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By Robert Rapier on Mar 10, 2017 with 4 responses

The Ethanol Industry Braces For Impact

Last week the Renewable Fuels Association (RFA) reported that President Trump is preparing to direct the Environmental Protection Agency (EPA) to make a big change to the country’s Renewable Fuel Standard (RFS). The change is one that has been long sought by refiners, but it has been resisted by the country’s biofuel industry. Today I will attempt to explain what it all means.

Briefly, the U.S. has certain biofuel mandates in place. To track compliance, renewable identification numbers (“RINs”) are assigned to biofuels as they pass through the supply chain. Ultimately, those defined as “obligated parties” are required to submit their quota of RINs to the EPA to demonstrate compliance.

Compliance can be met by purchasing the fuel with the associated RIN, or simply purchasing the RINs (which can be separated from the associated biofuel). This means that there is a value for RINs that has the effect of offsetting some of the production cost for the biofuel producer. This system subsidizes biofuels at the expense of both the obligated parties and the final consumer.

Most oil companies and refiners loathe biofuel mandates, but this particular issue revolves around the definition of “obligated party.” Valero is the largest refiner in the U.S. and an obligated party under the current system. Even though the company produces some of its own ethanol, RIN compliance cost the company $750 million in 2016. To put that number in perspective, Valero reported 2016 adjusted net income attributable to Valero stockholders of $1.7 billion. 

Valero and other refiners want to redefine “obligated party” to mean the entity that holds title to the fuel immediately prior to sale from the bulk transfer/terminal system to a wholesaler, retailer or ultimate consumer. These are the same entities required to report federal excise tax liability for the gasoline or diesel they sell. (See Valero’s petition for the rule change here).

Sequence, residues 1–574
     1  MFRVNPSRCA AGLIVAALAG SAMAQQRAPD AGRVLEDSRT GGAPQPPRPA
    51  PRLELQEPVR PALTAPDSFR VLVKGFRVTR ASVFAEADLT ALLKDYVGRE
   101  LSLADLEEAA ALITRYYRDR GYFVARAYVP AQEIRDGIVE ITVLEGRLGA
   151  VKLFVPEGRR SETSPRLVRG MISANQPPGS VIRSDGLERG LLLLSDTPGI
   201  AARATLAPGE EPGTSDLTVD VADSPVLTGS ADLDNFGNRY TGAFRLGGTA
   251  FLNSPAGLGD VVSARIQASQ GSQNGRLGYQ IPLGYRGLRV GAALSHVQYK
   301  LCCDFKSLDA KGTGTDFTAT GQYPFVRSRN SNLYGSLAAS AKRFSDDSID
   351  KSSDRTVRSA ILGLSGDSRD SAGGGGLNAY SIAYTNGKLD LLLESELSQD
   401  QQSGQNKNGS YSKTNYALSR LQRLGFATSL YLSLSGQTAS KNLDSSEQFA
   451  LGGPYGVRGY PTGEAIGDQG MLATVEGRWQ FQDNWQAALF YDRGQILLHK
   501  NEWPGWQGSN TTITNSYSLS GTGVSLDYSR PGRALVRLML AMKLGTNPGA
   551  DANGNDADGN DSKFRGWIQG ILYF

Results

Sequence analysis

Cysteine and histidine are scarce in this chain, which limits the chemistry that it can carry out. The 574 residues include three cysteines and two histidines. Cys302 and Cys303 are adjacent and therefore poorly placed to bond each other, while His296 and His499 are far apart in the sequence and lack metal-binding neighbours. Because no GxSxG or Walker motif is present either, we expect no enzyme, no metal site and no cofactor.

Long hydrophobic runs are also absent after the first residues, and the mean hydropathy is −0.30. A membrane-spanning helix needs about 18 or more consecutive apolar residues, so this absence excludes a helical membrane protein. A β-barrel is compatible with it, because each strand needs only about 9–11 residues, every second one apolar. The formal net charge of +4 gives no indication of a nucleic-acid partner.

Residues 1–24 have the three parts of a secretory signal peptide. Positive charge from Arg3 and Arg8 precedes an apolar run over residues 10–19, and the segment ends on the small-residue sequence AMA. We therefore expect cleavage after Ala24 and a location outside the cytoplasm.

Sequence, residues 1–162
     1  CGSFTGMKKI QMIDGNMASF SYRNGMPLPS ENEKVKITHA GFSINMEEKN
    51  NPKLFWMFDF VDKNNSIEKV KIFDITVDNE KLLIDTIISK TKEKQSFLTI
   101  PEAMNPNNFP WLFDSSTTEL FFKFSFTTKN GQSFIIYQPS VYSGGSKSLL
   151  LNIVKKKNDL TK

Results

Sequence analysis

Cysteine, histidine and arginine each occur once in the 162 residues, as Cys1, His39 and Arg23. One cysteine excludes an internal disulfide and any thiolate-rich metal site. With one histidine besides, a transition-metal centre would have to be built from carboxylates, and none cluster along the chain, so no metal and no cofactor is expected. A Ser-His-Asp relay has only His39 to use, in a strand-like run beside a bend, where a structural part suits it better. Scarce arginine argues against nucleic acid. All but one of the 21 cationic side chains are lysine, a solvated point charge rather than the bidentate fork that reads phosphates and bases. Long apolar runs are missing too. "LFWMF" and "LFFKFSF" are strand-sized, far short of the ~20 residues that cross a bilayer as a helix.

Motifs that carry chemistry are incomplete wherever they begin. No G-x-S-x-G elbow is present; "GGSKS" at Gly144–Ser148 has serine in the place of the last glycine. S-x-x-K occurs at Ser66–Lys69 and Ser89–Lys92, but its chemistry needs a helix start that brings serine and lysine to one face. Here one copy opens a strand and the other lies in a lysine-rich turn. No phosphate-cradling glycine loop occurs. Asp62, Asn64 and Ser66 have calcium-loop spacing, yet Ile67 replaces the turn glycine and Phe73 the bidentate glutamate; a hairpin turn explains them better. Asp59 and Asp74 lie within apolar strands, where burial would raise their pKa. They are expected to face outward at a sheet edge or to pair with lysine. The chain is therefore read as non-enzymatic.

Valero’s primary objection to being an obligated party is that refiners are not (necessarily) the final blenders of fuel, and therefore they may have no direct impact on how much ethanol gets blended into the fuel. The entity that actually blends the fuel and sells it into the marketplace has the greatest power to actually meet the obligation, and they should therefore be obligated, and thus incentivized, to do so. Valero also asserts that such a change would substantially reduce the opportunity for RIN fraud and RIN speculation because the parties with the obligations would be those who separate the RINs from the fuel and must turn them in.

Who opposes such a move? The fuel marketers and retailers, who in many cases are making profits by selling RINs back to the refiners. Then there are various renewable fuel groups. I think their primary fear is that putting that large compliance obligation on smaller businesses (as opposed to multi-billion refiners) could cause a backlash against the entire idea of renewable fuel mandates. It would open a can of worms they would rather leave closed.

So what’s going to happen? The White House denied that such an order is pending, but Carl Icahn has been a vocal critic of the current system. He is the majority owner of refiner CVR Energy. More importantly, he is advising President Trump on the issue.

Expect the change to happen. It’s likely to hurt ethanol companies in the long run and should improve the fortunes of some refiners at the expense of marketers and retailers. Ultimately, the change is going to put the spotlight on the nation’s biofuel mandates, and it may just be the tip of the iceberg.